I am often told businesses have a duty/right/imperative to keep source code hidden for business reasons, to maximize profits. That’s not so. The benefits of sharing the code are real and large for businesses:
- sharing the cost of development of code,
- tapping a larger pool of users and bug-reports,
- selling services rather than licences, and
- having better input/feedback from users.
We have seen major examples of business choosing to convert their source code to GPL or other FLOSS licences before:
- Sun Microsystems and StarOffice evolving into OpenOffice.org,
- MySQL database management system,
- Netscape web browser became FireFox, and lately
- Citrix bought Cloud.com and released the source code to Apache Foundation.
It’s clear that selling licences only limits a business’ opportunities in the market. To really be a partner with the users is a huge advantage for business. Look at Google and Android/Linux. Google makes little or no money from distributing the source code but hundreds of millions of people love Google for providing great software for smart thingies and Google’s paying customers, advertisers, know that and give Google tons of business because of that cozy relationship. It would be irrational for Google to hide the source code and break the spell… OEMs love/trust Google because they can see the code and know Google is not messing with them. Consumers can buy great products at great prices because of that trust between Google and OEMs. Sharing is good for business.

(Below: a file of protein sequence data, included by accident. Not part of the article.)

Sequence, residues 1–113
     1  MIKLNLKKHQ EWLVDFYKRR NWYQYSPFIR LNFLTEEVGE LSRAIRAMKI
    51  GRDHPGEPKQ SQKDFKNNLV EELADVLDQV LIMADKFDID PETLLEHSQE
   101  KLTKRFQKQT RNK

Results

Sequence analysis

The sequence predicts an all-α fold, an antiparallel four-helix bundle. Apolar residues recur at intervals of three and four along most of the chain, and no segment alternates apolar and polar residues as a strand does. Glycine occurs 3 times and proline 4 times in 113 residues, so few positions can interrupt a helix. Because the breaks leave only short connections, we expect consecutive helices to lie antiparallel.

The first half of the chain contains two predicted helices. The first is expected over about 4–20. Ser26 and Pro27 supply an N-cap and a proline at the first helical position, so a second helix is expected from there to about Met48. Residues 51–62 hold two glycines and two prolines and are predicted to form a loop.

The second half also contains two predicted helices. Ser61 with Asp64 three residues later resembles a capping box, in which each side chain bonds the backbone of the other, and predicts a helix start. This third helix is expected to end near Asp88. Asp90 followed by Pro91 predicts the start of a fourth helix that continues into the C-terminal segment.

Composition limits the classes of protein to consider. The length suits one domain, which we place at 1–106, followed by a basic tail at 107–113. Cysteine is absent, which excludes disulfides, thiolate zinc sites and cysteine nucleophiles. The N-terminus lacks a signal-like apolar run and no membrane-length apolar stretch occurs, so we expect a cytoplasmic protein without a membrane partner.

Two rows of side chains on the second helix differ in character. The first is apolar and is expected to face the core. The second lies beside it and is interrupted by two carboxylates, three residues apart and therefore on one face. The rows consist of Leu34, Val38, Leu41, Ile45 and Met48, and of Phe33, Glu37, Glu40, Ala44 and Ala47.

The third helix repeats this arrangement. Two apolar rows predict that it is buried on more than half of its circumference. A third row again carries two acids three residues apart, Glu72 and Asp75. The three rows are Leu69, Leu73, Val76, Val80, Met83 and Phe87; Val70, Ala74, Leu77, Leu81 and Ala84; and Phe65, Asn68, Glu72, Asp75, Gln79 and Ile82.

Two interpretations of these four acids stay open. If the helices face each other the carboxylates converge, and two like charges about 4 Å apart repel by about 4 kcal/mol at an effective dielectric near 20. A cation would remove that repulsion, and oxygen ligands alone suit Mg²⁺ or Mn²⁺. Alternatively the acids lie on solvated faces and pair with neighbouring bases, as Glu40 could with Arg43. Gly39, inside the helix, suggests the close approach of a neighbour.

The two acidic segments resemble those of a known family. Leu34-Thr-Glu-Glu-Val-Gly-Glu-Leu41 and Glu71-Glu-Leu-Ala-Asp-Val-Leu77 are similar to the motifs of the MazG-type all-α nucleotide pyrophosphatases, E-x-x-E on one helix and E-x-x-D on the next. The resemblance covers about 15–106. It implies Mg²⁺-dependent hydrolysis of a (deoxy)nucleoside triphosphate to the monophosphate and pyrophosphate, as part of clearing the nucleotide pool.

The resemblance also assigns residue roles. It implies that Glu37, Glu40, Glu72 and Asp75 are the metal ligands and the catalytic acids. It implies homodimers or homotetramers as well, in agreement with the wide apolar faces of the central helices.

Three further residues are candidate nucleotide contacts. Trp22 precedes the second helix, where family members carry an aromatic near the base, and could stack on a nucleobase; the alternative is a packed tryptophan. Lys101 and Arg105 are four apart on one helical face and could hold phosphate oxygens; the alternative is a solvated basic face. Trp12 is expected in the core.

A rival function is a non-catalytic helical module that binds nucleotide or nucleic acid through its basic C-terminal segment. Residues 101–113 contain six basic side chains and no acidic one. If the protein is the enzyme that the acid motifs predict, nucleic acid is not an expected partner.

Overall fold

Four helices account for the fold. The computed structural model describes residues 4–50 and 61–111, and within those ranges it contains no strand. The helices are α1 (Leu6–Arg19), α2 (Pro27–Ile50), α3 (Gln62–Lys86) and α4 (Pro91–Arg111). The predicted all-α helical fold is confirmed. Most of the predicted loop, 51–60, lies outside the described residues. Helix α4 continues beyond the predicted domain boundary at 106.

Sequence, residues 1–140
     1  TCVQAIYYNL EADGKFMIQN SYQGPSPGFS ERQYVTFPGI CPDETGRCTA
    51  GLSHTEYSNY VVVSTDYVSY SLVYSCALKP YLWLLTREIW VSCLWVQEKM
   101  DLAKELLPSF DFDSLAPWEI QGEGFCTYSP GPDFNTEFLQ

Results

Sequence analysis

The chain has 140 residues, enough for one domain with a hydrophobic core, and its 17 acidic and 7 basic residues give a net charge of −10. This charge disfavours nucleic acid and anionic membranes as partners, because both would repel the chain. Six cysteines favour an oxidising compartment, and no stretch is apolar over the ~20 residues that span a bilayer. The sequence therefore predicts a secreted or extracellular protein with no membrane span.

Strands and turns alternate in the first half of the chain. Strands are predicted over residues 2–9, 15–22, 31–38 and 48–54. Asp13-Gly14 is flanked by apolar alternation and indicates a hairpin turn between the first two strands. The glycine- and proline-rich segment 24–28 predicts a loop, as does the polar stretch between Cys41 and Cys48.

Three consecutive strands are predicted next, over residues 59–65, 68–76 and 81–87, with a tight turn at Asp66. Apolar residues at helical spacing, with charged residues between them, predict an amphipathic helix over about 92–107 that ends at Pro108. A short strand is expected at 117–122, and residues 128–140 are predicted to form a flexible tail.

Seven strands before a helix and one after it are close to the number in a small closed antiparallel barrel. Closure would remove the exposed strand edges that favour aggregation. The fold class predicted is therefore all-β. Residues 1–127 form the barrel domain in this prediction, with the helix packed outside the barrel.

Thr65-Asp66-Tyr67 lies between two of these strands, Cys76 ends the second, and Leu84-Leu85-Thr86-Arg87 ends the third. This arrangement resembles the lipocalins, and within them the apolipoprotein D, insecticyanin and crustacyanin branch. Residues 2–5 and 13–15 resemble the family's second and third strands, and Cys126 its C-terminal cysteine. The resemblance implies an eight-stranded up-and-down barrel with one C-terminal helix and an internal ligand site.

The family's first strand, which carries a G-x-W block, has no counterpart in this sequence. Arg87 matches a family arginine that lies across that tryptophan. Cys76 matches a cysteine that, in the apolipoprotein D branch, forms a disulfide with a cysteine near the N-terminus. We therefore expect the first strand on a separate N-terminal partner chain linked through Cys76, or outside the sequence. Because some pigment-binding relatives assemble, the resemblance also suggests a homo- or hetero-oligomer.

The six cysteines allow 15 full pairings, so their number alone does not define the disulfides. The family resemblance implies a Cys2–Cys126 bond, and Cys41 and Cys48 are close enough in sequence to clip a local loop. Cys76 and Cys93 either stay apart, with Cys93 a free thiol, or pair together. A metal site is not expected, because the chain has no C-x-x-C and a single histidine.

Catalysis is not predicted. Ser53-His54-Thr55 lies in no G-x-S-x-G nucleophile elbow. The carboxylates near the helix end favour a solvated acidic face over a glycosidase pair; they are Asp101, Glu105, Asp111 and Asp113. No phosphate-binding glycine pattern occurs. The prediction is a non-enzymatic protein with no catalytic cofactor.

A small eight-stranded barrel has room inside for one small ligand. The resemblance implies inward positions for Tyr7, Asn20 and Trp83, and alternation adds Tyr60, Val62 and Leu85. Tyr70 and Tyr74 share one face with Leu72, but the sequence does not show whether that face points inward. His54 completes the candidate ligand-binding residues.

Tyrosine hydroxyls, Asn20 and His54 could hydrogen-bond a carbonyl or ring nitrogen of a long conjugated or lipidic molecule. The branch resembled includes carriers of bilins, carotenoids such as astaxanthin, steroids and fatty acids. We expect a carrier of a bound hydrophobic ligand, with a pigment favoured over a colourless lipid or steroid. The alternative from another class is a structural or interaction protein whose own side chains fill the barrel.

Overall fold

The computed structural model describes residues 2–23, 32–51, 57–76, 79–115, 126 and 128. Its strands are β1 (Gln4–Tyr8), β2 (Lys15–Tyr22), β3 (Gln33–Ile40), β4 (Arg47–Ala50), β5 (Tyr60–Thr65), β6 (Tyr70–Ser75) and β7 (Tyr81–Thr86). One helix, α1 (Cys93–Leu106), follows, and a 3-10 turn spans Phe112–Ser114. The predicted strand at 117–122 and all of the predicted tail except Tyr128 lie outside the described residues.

H-online reviews some of the reasons business open the source code:
“If the UNIX companies had learnt anything from the UNIX wars, it was that proprietary operating systems, even if they are your own, cost money and create hurdles for other parts of your business. The arrival of GNU/Linux opened up new possibilities. There was an obligation to share, and a mutual advantage to be gained. The release of core chunks of corporate code accelerated the development of Linux and ensured its success in the enterprise, enhanced by its scalability across a wide range of hardware.”